Given the high prevalence of SAD among HCWs in this early decentralization setting, capacity building activities to combat SAD can are needed. Among the top priorities is special trainings on HIV-related SAD with a hands-on ap proach to nurture effective and culturally competent service interactions that uphold the rights and dignity of PLHIV and HIV key populations. A review of the existing national curricula, which HCWs must complete to hold a professional certification in HIV care, can identify gaps in modules, program structures, and learning methodologies to better adapt to the needs of HIV key populations and to the demand of decentralized programs in clinical leadership roles for nurses and other relevant cadres, and to the prevailing communal culture in the district to strategically promote respect and autonomy over HIV status disclosure associated with occurrence of SAD [68]. Engagement with PLHIV groups as experts in the review process, content updating, and training facilitation will ensure that curricula stay abreast of emerging community perspectives.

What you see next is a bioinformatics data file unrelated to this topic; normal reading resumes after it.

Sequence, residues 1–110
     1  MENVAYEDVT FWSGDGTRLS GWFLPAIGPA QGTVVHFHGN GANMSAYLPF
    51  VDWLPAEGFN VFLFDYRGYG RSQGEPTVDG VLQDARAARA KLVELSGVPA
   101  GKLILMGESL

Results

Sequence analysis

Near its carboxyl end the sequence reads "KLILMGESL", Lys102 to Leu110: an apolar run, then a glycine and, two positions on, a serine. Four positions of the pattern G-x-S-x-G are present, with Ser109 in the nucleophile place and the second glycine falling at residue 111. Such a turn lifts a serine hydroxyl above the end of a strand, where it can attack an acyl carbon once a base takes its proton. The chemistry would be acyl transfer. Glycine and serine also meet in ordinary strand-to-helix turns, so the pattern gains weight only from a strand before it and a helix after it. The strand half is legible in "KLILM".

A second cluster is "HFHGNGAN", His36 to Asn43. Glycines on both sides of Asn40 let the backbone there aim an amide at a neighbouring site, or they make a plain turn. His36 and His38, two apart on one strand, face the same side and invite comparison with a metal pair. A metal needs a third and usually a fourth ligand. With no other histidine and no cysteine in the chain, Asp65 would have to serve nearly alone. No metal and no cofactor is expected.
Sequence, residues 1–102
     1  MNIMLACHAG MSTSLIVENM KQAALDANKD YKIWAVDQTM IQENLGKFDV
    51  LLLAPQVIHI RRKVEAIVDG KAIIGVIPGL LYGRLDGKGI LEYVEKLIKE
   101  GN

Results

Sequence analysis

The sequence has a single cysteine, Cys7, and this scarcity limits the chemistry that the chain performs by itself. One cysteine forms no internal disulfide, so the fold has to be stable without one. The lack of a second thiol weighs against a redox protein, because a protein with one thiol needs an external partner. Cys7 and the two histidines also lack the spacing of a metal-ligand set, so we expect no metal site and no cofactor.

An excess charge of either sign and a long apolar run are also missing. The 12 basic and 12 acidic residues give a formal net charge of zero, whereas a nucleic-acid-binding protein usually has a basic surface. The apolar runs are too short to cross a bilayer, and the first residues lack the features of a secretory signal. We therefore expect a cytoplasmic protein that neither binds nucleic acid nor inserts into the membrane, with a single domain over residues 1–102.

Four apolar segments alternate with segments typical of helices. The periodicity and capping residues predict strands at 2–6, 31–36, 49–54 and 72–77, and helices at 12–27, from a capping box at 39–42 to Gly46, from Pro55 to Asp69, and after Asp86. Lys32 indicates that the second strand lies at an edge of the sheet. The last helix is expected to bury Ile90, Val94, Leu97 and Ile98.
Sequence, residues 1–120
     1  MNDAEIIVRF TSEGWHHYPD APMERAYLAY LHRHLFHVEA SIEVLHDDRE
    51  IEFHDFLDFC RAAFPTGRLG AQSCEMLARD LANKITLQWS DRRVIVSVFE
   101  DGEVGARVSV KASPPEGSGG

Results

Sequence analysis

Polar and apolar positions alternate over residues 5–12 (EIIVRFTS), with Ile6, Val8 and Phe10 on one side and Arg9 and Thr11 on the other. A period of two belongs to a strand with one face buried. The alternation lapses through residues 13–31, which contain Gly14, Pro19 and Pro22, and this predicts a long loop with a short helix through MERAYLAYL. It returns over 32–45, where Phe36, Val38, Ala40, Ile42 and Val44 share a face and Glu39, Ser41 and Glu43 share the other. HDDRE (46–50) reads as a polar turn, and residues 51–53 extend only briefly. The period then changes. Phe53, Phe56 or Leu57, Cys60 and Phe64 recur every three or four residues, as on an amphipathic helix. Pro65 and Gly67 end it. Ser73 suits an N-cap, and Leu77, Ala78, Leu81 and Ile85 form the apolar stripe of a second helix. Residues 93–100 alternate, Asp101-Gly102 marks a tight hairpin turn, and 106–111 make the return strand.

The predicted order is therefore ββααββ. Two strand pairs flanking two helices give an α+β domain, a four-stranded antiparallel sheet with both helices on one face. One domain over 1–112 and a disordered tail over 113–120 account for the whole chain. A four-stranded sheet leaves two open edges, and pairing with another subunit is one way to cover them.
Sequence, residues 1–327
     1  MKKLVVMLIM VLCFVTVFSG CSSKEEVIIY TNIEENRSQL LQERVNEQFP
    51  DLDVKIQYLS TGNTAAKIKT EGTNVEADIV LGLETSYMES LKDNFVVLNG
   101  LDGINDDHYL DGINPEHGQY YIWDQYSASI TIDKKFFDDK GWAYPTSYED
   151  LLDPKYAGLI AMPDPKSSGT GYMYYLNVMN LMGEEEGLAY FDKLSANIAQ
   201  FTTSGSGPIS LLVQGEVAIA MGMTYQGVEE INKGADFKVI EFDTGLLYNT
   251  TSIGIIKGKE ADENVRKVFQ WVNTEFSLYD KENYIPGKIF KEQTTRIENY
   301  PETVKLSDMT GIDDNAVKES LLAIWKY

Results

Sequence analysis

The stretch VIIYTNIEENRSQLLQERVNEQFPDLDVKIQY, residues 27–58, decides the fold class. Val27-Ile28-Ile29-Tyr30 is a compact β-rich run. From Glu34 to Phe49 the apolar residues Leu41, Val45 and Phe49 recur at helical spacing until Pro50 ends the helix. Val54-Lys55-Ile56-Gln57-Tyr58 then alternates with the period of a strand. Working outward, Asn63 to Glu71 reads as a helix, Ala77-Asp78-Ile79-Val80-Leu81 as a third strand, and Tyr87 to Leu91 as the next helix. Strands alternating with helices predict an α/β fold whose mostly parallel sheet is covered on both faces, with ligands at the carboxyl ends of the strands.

Current approaches to capacity building allow piecemeal deliveries where a curriculum or a competency program is completed on standalone topics accumulated over a period of time. While offering flexibility, these approaches can delay completion of essential skills and result in partial competence. Systematizing training deliveries coherently for a comprehensive coverage of topics is another area of improvement in capacity building. Preferably, all essential trainings should be completed for all HCW cadres prior to or at the earliest time around the decentralization program roll-out. Additionally, staffing policies that reward staff retention is needed to facilitate selection of highly-motivated individuals into HIV care decentralization programs, promote specialization in HIV care, and balance against outflows of competent HCWs due to compulsory job rotation and transfers in public health [69].